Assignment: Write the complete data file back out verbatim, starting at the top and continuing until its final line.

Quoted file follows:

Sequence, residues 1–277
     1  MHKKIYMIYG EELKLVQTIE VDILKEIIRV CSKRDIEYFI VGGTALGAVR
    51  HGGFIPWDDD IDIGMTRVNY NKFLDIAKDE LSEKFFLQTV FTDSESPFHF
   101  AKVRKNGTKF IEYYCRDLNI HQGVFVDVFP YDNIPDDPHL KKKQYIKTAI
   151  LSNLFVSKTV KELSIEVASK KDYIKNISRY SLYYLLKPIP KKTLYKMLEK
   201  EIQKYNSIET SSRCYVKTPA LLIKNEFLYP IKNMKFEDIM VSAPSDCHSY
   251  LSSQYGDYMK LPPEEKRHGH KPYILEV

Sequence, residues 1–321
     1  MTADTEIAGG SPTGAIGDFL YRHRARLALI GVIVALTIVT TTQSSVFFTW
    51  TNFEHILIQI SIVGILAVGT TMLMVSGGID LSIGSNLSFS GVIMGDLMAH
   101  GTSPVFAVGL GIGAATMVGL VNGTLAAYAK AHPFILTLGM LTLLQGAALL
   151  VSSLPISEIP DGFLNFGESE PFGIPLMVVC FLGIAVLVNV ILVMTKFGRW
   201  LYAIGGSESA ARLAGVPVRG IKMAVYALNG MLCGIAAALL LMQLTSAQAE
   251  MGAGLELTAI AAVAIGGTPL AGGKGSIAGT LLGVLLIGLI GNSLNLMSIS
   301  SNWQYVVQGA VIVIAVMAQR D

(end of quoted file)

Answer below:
Sequence, residues 1–277
     1  MHKKIYMIYG EELKLVQTIE VDILKEIIRV CSKRDIEYFI VGGTALGAVR
    51  HGGFIPWDDD IDIGMTRVNY NKFLDIAKDE LSEKFFLQTV FTDSESPFHF
   101  AKVRKNGTKF IEYYCRDLNI HQGVFVDVFP YDNIPDDPHL KKKQYIKTAI
   151  LSNLFVSKTV KELSIEVASK KDYIKNISRY SLYYLLKPIP KKTLYKMLEK
   201  EIQKYNSIET SSRCYVKTPA LLIKNEFLYP IKNMKFEDIM VSAPSDCHSY
   251  LSSQYGDYMK LPPEEKRHGH KPYILEV

Sequence, residues 1–321
     1  MTADTEIAGG SPTGAIGDFL YRHRARLALI GVIVALTIVT TTQSSVFFTW
    51  TNFEHILIQI SIVGILAVGT TMLMVSGGID LSIGSNLSFS GVIMGDLMAH
   101  GTSPVFAVGL GIGAATMVGL VNGTLAAYAK AHPFILTLGM LTLLQGAALL
   151  VSSLPISEIP DGFLNFGESE PFGIPLMVVC FLGIAVLVNV ILVMTKFGRW
   201  LYAIGGSESA ARLAGVPVRG IKMAVYALNG MLCGIAAALL LMQLTSAQAE
   251  MGAGLELTAI AAVAIGGTPL AGGKGSIAGT LLGVLLIGLI GNSLNLMSIS
   301  SNWQYVVQGA VIVIAVMAQR D